The full verse 8:12 actually reads:
“Lo! Thy Sustainer inspired the angels [to convey this His message to the believers]: ‘I am with you!’ [And He commanded the angels:] ‘And give firmness unto those who have attained to faith [with these words from Me]: ‘I shall cast terror into the hearts of those who are bent on denying the truth; strike, then, their necks, [O believers,] and strike off every one of their finger-tips!’”
The verse is almost unique in being of only a few brutal verses in the whole of the Holy Qur’an, and is often raised in debates – a point which is important to make, considering the overall character and message of the Holy Qur’an, this verse is one of a very few exceptions rather than the norm. Why the dramatic break from the Holy Qur’an’s overriding theme of God’s endless mercy, grace, forgiveness and encouragement for people to read, reflect and enlighten themselves? When one understands the context in which this verse was revealed and to what it is actually referring, all becomes much clearer.
Unlike most of the Holy Qur’an, surahs (chapters) 8 and 9 deal predominantly with the subject of warfare. This in large part is because surah 8 was revealed just after the Battle of Badr. A key event in the history of Islam, as this was when a thousand strong, well equipped army was sent from Mecca to attack Prophet Muhammad, peace be upon him, and a far smaller army he led into battle, made up of only three hundred poorly armed men. The Muslims were however, victorious in this battle.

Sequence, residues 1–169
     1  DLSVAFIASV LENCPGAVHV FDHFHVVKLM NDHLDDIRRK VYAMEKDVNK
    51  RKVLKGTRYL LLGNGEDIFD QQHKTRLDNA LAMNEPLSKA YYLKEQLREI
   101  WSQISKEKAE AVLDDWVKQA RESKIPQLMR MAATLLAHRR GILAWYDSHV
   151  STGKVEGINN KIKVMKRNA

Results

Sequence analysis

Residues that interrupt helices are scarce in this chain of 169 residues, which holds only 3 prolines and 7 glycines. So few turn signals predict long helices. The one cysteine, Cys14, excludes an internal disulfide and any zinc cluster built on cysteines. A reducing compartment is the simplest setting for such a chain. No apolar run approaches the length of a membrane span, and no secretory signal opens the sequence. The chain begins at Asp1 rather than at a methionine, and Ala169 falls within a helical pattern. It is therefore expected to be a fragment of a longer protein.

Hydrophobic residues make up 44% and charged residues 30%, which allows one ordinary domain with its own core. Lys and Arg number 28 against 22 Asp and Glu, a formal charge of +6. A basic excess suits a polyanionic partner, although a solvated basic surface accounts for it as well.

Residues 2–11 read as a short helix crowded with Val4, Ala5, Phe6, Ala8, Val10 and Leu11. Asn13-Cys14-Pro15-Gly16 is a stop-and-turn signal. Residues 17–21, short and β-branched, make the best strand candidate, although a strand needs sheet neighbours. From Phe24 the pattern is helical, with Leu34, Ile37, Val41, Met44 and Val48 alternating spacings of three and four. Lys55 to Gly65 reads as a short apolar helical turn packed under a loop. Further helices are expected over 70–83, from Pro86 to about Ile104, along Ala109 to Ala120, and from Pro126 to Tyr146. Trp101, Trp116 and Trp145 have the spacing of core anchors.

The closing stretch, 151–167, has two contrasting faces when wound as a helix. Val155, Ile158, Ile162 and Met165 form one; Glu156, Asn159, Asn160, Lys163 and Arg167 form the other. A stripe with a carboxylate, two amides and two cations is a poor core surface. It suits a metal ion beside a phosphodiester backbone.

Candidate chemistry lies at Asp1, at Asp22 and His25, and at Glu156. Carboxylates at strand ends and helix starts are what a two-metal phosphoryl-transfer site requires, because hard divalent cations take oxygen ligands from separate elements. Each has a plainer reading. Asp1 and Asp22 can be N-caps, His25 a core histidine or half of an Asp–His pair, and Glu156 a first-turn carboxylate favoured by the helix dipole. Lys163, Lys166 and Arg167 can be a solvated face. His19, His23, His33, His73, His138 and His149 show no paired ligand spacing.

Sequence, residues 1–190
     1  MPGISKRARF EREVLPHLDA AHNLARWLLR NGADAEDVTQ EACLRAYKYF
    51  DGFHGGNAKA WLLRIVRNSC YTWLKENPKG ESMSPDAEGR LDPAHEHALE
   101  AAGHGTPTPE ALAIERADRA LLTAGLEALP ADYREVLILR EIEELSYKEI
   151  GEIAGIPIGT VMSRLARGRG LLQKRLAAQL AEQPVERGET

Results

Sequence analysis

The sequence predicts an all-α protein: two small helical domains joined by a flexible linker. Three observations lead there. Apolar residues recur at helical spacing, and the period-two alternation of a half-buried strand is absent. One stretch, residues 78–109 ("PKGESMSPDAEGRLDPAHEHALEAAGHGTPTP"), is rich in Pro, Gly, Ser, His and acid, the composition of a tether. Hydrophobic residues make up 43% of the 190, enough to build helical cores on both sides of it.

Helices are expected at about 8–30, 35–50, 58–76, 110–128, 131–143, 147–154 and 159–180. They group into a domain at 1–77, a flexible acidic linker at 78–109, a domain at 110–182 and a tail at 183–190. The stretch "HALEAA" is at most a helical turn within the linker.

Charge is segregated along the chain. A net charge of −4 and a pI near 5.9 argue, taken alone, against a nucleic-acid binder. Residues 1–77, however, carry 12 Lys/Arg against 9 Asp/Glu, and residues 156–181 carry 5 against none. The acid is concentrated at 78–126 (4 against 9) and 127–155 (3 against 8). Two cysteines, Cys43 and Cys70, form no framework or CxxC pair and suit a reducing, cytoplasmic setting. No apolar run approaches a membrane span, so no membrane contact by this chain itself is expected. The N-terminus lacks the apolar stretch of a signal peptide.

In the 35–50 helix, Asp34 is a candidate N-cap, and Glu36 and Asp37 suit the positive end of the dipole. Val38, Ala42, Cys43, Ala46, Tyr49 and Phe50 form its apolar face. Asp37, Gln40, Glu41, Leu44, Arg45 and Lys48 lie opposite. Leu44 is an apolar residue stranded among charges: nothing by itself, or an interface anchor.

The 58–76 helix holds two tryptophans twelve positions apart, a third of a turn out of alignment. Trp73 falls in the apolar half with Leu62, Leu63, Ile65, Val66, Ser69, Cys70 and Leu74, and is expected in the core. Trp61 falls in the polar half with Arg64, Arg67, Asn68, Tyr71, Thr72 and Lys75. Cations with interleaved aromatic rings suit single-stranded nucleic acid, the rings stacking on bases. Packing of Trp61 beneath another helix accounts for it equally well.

The fact that the word “terror” (when translated) is to be found in this verse is somewhat besides the point, as if we read the verse more carefully (and bearing in mind the correct context), we’ll see it is God who’s comforting the Muslims, by saying I’m with you in your time of need, when you’re vastly outnumbered and about to fight an enemy superior in terms of equipment as well as numbers. God is saying He will strike terror into the hearts of the enemies of Islam. The Qur’an is not commanding Muslims to do this! No, rather this is a supernatural, divine phenomenon, that took place during the Battle of Badr, ensuring victory for the Muslim army. Please note the Muslim army in this case, was actually the army of and defending the city state of Medina, not some uncivilised band of terrorists.
Al Qaeda type terrorists of our present time, are a completely different matter, they transgress the Holy Qur’an’s noble teachings, through attacking without warrant or provocation, defenceless civilians going about their normal day to day lives, women, children, Muslim shrines of various sects they disagree with and Christian churches, all of which are totally forbidden in the Holy Qur’an and by the Prophet Muhammad, peace be upon him.
In 628 AD, a delegation from St. Catherine’s Monastery came to Prophet Muhammed, peace be upon him, requesting his protection. He responded by granting them a charter of rights, which is reproduced below in its entirety. St. Catherine’s Monastery is located at the foot of Mt. Sinai and is the world’s oldest monastery. It possess a huge collection of Christian manuscripts, second only to the Vatican, and is a world heritage site, even boasting the oldest collection of Christian icons. Indeed, it is a treasure trove of Christian history, that has remained safe for 1400 years under Muslim protection.
The Promise to St. Catherine:
“This is a message from Muhammad ibn Abdullah, as a covenant to those who adopt Christianity, near and far, we are with them.
Verily I, the servants, the helpers, and my followers defend them, because Christians are my citizens; and by Allah! I hold out against anything that displeases them.
No compulsion is to be on them. Neither are their judges to be removed from their jobs nor their monks from their monasteries. No one is to destroy a house of their religion, to damage it, or to carry anything from it to the Muslims’ houses.